Example.a cliant wants a dallas cowboy wallet.if i just put(cowboy fan)with a star simular but not exactly the same with a helmet.is that illegal ?or just the word dallas..these are hand crafted,and hand art,carved into leather.
This is more a trademark question than a copyright question. But to answer it, if you are selling products that bear the famous logos of sports teams, you should expect trouble. That would likely be a violation of the NFL's trademarks and they would have the right to take action against you. Whether they actually would is uncertain, but I would not count on them overlooking it.
If the client wants such a wallet it needs to come from the Cowboys or from a source they have licensed to. The star in question is pretty distinctive and is either a registered mark or could be. Either way, what you propose is, in context, an infringement. Unless...you make the star so unrecognizable as their mark that your client would be object that is not a Cowboys star. Then it would be OK.
The only way around is to get permission from NFL Properties (in NYC), that controls all these logos.
Licensed in Maryland with offices in Maryland and Oregon. Information here is general, does not create a lawyer-client relationship, and is not a substitute for consulting with an experienced attorney on the specifics of your situation.
No, it's illegal. You might get away with a couple of these at a craft fair, but if you do it much expect trouble.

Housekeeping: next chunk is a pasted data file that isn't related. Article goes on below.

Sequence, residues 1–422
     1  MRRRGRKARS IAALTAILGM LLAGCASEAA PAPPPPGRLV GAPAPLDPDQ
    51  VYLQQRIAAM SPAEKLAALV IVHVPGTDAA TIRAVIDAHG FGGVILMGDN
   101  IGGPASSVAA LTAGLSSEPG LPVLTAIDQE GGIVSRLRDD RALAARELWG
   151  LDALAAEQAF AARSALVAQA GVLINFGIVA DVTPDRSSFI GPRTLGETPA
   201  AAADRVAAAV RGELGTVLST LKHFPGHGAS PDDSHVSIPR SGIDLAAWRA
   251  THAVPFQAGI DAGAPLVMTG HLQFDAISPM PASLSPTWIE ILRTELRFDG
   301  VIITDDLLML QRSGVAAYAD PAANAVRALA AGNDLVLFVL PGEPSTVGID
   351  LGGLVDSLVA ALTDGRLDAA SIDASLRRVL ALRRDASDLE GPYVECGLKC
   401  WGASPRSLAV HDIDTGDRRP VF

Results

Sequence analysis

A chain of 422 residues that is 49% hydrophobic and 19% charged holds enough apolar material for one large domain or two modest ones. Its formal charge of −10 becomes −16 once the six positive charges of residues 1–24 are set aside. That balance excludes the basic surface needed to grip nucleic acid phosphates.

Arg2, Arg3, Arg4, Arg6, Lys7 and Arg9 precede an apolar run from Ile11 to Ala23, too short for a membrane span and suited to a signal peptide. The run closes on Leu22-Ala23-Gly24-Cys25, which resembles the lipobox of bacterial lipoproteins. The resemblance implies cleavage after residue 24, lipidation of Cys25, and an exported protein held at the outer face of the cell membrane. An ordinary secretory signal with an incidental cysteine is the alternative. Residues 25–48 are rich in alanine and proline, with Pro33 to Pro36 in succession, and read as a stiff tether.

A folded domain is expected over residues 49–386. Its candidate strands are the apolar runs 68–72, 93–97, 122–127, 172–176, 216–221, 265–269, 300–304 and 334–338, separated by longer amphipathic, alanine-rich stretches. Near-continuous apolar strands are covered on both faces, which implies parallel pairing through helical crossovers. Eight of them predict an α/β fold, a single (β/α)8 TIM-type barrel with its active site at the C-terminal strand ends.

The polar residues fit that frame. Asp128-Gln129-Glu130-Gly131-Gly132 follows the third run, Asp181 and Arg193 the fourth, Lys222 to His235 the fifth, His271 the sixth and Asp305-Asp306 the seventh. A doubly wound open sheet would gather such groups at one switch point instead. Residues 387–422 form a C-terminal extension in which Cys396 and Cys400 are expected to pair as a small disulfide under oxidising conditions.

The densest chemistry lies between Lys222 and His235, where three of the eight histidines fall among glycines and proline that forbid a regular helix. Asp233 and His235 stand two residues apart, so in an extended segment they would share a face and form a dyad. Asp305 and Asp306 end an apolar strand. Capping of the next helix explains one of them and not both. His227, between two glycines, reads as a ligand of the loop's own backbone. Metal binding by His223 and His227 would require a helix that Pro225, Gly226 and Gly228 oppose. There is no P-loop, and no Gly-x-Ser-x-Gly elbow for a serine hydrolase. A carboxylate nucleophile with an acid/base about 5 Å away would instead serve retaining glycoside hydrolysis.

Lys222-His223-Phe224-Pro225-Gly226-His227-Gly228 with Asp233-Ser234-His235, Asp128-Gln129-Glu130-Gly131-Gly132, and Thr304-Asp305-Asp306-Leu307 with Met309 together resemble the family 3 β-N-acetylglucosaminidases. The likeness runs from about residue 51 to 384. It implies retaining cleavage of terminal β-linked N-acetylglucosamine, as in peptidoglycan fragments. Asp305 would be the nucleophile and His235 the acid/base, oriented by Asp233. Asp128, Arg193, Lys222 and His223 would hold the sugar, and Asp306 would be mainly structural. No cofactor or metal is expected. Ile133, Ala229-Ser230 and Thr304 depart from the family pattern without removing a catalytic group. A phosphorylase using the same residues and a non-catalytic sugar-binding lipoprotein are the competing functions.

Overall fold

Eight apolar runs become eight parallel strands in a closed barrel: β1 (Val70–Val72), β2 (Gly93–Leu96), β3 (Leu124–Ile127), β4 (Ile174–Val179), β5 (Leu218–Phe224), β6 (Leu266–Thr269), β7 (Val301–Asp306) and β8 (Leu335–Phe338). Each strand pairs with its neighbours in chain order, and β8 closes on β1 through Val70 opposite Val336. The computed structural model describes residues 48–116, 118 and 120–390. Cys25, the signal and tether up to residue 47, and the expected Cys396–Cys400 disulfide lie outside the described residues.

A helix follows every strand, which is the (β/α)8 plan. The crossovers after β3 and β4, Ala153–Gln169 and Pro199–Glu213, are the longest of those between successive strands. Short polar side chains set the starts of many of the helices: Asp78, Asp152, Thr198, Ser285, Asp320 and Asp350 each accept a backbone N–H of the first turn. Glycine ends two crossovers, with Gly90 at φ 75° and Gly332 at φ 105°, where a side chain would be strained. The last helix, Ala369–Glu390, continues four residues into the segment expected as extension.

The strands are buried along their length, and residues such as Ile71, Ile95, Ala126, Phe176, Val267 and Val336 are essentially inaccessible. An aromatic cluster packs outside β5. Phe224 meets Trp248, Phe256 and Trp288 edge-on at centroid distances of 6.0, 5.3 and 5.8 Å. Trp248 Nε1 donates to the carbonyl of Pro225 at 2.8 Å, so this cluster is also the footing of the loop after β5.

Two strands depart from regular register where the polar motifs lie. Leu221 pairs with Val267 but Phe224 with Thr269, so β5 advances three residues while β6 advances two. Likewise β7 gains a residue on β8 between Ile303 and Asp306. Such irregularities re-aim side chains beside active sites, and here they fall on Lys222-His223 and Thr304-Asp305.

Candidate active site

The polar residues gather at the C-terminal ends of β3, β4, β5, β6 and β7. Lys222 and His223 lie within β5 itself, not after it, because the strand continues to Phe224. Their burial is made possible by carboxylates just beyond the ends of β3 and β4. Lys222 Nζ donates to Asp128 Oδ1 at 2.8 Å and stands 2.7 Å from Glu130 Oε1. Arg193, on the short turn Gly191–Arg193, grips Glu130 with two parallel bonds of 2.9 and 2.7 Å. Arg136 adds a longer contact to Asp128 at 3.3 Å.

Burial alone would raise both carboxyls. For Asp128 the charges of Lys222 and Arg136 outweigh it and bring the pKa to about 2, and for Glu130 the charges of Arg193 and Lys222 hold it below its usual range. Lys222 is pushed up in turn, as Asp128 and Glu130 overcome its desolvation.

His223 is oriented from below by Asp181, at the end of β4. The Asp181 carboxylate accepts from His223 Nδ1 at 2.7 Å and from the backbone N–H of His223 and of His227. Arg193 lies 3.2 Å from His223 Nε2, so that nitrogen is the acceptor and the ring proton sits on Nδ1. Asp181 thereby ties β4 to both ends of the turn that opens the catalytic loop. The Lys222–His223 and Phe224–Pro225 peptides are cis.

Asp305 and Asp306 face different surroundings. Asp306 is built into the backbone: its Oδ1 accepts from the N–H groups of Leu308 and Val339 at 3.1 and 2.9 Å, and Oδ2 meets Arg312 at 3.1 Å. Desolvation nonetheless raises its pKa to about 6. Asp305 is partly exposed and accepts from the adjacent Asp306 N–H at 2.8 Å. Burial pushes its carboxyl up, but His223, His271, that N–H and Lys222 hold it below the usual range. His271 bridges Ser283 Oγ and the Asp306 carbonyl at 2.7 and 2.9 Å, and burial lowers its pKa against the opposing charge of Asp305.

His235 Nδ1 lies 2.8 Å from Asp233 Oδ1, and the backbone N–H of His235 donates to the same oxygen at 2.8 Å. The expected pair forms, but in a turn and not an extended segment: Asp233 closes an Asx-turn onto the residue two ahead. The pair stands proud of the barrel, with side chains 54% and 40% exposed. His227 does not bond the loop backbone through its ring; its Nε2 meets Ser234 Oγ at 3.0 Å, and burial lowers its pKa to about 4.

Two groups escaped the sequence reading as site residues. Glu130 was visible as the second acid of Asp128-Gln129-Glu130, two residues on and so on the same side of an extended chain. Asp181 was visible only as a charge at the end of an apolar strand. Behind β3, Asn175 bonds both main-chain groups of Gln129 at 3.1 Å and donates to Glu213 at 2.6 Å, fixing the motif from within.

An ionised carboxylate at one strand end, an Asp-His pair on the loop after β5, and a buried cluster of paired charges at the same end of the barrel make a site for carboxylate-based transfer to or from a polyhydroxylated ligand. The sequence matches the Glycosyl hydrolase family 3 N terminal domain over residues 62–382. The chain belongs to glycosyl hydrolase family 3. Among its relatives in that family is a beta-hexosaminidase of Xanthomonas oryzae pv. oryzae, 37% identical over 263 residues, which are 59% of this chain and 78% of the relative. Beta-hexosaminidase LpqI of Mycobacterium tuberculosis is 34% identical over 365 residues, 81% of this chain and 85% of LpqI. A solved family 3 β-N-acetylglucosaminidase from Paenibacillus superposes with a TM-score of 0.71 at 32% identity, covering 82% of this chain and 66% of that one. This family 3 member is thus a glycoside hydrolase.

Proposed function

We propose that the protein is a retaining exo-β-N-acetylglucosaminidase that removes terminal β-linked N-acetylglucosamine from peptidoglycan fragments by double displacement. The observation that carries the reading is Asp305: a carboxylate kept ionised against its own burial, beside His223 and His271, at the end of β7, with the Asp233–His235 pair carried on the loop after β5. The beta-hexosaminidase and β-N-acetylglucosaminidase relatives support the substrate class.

So far, this is free to you. Until you pay a fee, I am not your lawyer and you are not my client, so you take any free advice at your sole risk. I am licensed in IL, MO, TX and am a Reg. Pat. Atty. so advice in any other jurisdiction is general advice and should be confirmed with an attorney licensed in that jurisdiction.
Any time you try to profit by associating your products with famous sports franchises, celebrities or other famous products or trademarks, you are probably engaging in illegal conduct if you do so without permission from the trademark owner or celebrity. I am surprised about how many talented and seemingly bright people do not understand this simple concept. Our laws reward originality and creativity, not trying to make a cheap buck by creating a product that uses a logo or trademark made famous by others. My advice to you is to educate yourself about copyright and trademark law---including the reasons why as a matter of policy we reward originality and creativity, not people who attempt to glom on original works of others.
Years licensed, work experience, educationLegal community recognition
Peer endorsements, associations, awardsLegal thought leadership
Publications, speaking engagementsDiscipline